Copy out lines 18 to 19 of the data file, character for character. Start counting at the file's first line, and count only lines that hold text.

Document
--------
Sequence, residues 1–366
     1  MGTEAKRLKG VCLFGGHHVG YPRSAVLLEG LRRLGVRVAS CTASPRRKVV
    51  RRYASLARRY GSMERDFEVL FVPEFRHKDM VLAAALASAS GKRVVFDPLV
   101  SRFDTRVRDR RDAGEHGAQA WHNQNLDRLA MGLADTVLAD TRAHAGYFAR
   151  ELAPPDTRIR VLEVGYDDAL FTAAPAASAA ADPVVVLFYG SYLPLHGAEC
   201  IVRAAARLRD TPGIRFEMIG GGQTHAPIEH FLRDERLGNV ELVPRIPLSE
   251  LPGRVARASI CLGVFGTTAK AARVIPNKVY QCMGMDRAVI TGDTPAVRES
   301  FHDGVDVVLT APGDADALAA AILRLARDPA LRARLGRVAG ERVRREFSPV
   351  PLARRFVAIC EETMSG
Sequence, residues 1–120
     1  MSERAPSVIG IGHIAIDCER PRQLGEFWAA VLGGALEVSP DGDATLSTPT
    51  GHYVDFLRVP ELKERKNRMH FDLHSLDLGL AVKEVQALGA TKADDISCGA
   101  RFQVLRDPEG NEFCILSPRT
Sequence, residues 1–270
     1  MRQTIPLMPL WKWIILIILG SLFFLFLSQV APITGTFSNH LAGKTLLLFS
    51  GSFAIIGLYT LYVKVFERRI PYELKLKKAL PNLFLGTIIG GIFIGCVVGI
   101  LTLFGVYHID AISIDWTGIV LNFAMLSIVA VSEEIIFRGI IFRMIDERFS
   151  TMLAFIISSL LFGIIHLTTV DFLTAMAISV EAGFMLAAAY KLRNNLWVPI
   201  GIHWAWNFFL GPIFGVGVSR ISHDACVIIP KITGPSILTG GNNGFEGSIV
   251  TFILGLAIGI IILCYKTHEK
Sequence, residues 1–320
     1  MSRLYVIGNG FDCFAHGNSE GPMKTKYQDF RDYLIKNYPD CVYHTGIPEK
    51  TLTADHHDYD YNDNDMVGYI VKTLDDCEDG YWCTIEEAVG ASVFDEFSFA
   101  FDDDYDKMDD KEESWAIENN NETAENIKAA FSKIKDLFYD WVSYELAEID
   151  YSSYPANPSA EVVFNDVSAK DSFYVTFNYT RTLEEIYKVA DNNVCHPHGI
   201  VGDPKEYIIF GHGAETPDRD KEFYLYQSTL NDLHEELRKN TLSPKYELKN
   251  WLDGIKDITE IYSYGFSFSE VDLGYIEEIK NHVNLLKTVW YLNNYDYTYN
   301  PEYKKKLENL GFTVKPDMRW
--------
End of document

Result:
   151  TMLAFIISSL LFGIIHLTTV DFLTAMAISV EAGFMLAAAY KLRNNLWVPI
   201  GIHWAWNFFL GPIFGVGVSR ISHDACVIIP KITGPSILTG GNNGFEGSIV